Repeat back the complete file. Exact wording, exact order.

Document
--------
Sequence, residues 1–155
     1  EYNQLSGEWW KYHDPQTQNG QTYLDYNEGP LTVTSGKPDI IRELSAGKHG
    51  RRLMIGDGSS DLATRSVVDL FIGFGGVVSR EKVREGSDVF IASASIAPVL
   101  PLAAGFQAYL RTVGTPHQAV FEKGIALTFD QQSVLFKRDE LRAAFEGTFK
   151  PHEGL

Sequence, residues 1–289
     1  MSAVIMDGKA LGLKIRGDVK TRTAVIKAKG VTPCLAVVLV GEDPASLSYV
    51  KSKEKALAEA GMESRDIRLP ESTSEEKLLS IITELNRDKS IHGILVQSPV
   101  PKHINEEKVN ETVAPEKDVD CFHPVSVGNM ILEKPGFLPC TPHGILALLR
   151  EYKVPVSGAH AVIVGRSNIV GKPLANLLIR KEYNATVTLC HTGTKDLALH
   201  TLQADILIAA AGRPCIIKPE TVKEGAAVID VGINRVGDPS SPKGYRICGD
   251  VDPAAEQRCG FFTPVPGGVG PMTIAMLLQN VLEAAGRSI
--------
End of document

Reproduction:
Sequence, residues 1–155
     1  EYNQLSGEWW KYHDPQTQNG QTYLDYNEGP LTVTSGKPDI IRELSAGKHG
    51  RRLMIGDGSS DLATRSVVDL FIGFGGVVSR EKVREGSDVF IASASIAPVL
   101  PLAAGFQAYL RTVGTPHQAV FEKGIALTFD QQSVLFKRDE LRAAFEGTFK
   151  PHEGL

Sequence, residues 1–289
     1  MSAVIMDGKA LGLKIRGDVK TRTAVIKAKG VTPCLAVVLV GEDPASLSYV
    51  KSKEKALAEA GMESRDIRLP ESTSEEKLLS IITELNRDKS IHGILVQSPV
   101  PKHINEEKVN ETVAPEKDVD CFHPVSVGNM ILEKPGFLPC TPHGILALLR
   151  EYKVPVSGAH AVIVGRSNIV GKPLANLLIR KEYNATVTLC HTGTKDLALH
   201  TLQADILIAA AGRPCIIKPE TVKEGAAVID VGINRVGDPS SPKGYRICGD
   251  VDPAAEQRCG FFTPVPGGVG PMTIAMLLQN VLEAAGRSI